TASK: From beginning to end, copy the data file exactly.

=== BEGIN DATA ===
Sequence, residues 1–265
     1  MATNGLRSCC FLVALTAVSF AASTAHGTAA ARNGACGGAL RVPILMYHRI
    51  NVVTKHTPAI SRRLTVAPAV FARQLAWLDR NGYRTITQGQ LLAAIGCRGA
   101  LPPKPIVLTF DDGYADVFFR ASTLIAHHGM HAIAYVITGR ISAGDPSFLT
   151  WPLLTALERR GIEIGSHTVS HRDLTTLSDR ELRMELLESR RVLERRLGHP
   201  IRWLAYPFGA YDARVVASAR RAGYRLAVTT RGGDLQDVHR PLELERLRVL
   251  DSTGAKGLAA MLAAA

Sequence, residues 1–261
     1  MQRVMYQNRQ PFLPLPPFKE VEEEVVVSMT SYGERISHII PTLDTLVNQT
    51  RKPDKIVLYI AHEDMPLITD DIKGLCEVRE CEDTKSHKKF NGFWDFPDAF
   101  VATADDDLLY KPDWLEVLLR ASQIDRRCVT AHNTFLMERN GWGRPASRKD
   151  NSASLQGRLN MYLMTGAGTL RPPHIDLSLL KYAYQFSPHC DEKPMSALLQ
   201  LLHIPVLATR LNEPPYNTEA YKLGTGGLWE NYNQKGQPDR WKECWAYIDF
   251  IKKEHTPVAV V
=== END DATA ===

Sequence, residues 1–265
     1  MATNGLRSCC FLVALTAVSF AASTAHGTAA ARNGACGGAL RVPILMYHRI
    51  NVVTKHTPAI SRRLTVAPAV FARQLAWLDR NGYRTITQGQ LLAAIGCRGA
   101  LPPKPIVLTF DDGYADVFFR ASTLIAHHGM HAIAYVITGR ISAGDPSFLT
   151  WPLLTALERR GIEIGSHTVS HRDLTTLSDR ELRMELLESR RVLERRLGHP
   201  IRWLAYPFGA YDARVVASAR RAGYRLAVTT RGGDLQDVHR PLELERLRVL
   251  DSTGAKGLAA MLAAA

Sequence, residues 1–261
     1  MQRVMYQNRQ PFLPLPPFKE VEEEVVVSMT SYGERISHII PTLDTLVNQT
    51  RKPDKIVLYI AHEDMPLITD DIKGLCEVRE CEDTKSHKKF NGFWDFPDAF
   101  VATADDDLLY KPDWLEVLLR ASQIDRRCVT AHNTFLMERN GWGRPASRKD
   151  NSASLQGRLN MYLMTGAGTL RPPHIDLSLL KYAYQFSPHC DEKPMSALLQ
   201  LLHIPVLATR LNEPPYNTEA YKLGTGGLWE NYNQKGQPDR WKECWAYIDF
   251  IKKEHTPVAV V